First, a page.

August 25, 2012 Comments Off on A poem
On Wednesday last week I took my children to Soweto to visit, among other sites, the Hector Pieterson Memorial Museum. For those not from South Africa, it’s a museum commemorating 16 June 1976, the start of the Soweto uprisings, and a day when hundreds of children were mowed down by the apartheid government while they protested in their thousands against Afrikaans as a medium of instruction in schools.
It moved me to tears. It also moved me to write a poem, something I’ve not done for probably two decades, so I beg you, be kind. (And pardon the asterisks – I couldn’t separate the stanzas any other way.)
The Children at the Edges
It’s the photographs that tug tears from my soul.
Starkly wrought in black and white,
They make a monster of me.
There’s that picture, sure,
The one that shook the world,
The one that started all the trouble.
But it’s the others that draw me —
The children at the edges smiling
As though this were just another day out.
I see the shock in my own children’s eyes
When they realise they are just as young.
My two “born frees”
Who still reap ill-gotten gains from days like these.
The anger is palpable.
The faces of the soldiers familiar somehow.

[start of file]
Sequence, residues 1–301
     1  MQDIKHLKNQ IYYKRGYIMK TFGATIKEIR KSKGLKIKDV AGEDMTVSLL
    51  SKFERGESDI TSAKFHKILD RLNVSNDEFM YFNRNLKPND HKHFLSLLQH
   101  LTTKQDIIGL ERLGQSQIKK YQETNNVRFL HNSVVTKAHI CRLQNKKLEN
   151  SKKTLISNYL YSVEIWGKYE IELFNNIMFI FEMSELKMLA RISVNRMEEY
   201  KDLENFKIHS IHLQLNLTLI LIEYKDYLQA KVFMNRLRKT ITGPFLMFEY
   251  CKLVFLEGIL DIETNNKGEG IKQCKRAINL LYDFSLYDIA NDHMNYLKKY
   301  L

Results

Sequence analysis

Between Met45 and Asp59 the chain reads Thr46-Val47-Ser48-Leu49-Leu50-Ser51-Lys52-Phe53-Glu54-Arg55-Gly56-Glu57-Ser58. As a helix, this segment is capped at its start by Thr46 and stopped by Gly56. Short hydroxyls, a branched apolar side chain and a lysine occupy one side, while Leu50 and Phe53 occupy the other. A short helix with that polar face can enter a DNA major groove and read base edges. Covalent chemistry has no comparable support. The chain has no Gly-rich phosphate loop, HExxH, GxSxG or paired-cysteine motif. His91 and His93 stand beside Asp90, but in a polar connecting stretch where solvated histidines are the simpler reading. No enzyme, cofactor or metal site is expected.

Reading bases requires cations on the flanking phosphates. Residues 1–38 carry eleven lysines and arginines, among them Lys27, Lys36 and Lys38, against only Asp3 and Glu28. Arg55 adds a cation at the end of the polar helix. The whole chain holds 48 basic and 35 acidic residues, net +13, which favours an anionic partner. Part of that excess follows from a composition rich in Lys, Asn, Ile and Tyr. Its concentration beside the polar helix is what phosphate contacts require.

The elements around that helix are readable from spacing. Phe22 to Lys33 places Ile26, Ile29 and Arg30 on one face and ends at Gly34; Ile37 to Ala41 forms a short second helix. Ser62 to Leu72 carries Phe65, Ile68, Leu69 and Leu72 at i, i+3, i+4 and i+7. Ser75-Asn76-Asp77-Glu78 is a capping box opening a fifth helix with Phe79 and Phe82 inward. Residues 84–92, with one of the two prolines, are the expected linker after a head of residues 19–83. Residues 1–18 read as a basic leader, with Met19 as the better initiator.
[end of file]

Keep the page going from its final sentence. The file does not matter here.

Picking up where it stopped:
I remember these boys,
The boys who left to fight a war
Against God knows what.
Against these children.
They left as boys and returned,
Their hair buzzed short,
Their eyes and voices as hollowed out as their souls.
I silently count.
Ah, I was seven.
I couldn’t have known.
These things were kept from me.
But out in the courtyard
The stones bearing their names cry out,
So many children, so many dead children,
So many who will still die
If we do nothing.
Not a death born of the blood-stained clay
Or the bullet-scarred churches.
Out on those dusty streets
There is a freedom of a kind,
And in theory, at least, we are all the same.
And yet, and yet.
The wrongs are not yet right,
For the children at the edges.
Copyright Mandy Collins, 25 August 2012